“After thorough discussions, we believe that there is an appropriate path forward to offer Black History and Black Literature with an updated curriculum standard,” the statement posted to the district’s Facebook page read. “We are confident in our academic team’s ability to bring forth a curriculum that is rigorous and largely politically neutral—one that will meet the Board’s approval on a timeline that prevents interruption of course offerings.”

There were over 400 replies to the post, with many questioning how the classes could be “politically neutral.”

In an email to The Daily Beast, Cook said the classes used elements of critical race theory, which he complained about in a letter he wrote to the district board in 2021 before becoming a member. In the letter, Cook acknowledges critical race theory as a legal concept “that seeks to transform the relationship among race, racism, and power.” However, he also claimed that a major part of its framework is being told from the perspective of someone of color detailing their personal experiences about systemic oppression.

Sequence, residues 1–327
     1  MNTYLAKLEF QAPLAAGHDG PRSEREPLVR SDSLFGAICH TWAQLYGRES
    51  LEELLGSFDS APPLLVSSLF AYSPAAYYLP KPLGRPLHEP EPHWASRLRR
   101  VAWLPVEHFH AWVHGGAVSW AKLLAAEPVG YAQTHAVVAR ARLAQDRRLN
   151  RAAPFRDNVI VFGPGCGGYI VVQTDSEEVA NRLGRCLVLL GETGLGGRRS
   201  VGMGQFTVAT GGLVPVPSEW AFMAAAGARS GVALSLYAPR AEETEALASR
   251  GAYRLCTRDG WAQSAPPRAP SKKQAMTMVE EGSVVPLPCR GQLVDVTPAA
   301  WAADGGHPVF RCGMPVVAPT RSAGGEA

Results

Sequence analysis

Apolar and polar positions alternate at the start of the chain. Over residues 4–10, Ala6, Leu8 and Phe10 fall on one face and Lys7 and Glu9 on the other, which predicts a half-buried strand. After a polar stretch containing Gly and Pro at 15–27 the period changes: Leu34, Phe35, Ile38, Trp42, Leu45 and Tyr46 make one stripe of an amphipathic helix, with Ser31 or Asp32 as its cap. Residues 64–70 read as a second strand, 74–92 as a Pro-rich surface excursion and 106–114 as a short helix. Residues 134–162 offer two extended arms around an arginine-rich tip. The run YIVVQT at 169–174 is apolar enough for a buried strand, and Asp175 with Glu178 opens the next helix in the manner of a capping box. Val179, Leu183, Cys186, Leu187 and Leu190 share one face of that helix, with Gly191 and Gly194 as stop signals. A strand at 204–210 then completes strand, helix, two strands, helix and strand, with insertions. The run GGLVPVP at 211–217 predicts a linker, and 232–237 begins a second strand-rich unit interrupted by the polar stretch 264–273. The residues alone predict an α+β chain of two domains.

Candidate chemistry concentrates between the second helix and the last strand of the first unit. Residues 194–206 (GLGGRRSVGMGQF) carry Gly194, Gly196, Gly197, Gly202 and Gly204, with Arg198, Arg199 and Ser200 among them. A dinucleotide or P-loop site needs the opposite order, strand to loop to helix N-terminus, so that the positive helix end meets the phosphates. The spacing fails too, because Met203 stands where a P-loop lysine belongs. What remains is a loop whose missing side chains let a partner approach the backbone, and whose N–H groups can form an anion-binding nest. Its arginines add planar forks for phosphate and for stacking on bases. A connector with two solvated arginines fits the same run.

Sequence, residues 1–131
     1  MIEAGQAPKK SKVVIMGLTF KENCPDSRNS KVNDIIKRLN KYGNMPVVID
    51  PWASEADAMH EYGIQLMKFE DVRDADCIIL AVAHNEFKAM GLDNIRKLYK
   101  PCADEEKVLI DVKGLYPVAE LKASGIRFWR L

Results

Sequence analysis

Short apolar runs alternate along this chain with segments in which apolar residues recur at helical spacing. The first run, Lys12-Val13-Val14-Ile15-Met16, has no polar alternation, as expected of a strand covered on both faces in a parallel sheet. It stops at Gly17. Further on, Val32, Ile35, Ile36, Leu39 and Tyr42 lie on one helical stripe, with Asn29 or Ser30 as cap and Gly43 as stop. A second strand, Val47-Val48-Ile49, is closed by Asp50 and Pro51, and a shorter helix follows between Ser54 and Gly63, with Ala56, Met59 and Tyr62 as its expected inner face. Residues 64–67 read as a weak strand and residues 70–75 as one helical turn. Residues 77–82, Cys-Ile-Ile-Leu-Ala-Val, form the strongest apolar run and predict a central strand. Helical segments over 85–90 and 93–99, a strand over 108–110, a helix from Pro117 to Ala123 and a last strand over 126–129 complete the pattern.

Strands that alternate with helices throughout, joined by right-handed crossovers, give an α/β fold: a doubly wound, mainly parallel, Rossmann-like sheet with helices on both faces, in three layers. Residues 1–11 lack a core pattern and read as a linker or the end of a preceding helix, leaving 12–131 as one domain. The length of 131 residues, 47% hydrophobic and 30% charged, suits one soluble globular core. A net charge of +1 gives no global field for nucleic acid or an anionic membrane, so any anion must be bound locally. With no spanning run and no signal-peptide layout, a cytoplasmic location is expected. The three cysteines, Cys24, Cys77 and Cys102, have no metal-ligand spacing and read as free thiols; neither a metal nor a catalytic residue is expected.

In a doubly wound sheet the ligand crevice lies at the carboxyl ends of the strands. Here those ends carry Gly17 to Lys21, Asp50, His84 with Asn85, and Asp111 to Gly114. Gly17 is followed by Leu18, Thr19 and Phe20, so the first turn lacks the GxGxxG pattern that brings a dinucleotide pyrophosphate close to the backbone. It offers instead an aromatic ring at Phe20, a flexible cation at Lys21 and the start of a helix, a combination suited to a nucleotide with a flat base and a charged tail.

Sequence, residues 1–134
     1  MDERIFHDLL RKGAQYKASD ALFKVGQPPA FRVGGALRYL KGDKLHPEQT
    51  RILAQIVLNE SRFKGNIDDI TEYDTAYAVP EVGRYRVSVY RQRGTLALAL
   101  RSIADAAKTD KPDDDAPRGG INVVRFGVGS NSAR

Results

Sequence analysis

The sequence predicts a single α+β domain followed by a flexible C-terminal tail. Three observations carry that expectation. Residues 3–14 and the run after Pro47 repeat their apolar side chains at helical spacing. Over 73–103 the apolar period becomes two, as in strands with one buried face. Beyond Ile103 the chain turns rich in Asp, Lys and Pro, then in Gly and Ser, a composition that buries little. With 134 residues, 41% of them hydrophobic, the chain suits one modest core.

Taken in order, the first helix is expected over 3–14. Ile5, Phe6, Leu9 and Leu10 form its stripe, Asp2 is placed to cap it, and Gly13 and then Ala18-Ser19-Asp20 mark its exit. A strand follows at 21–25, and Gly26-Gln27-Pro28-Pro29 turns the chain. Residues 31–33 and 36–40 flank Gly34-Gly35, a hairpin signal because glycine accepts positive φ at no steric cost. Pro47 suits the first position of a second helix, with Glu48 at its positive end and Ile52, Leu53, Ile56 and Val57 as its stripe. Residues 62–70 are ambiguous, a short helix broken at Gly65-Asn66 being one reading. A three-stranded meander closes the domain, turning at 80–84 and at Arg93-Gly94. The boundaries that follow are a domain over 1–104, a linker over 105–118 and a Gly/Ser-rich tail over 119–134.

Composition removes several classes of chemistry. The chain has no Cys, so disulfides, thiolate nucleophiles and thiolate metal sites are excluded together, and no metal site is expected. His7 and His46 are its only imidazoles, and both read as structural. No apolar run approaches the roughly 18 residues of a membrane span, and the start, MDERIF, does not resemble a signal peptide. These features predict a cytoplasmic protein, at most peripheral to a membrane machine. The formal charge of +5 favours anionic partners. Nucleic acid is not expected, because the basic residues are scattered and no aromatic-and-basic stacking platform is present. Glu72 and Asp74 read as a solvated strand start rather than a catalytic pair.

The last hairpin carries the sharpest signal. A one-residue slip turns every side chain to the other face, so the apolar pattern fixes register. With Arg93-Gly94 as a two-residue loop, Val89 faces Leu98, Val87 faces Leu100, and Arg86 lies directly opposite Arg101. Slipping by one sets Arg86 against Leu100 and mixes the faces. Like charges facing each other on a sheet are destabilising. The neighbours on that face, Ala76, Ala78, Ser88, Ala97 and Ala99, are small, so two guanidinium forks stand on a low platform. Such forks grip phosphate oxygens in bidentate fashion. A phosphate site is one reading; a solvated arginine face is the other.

“A strong theme in the curriculum materials is the idea of a dominant culture. This could be Western civilization, Christianity, Europeans, heterosexuals, men (patriarchy), white men, etc,” Cook wrote.

Cook said he did not want “any courses using CRT as an underlying theme in the material.”

He said he raised his concerns about the Black courses with president Bertrand on Dec. 20, who decided to add the rescission of the classes to the district’s next meeting.


Students and teachers led a protest for inclusivity on Jan. 3, after the board president and superintendent announced the classes would be amended, according to St. Louis Post-Dispatch.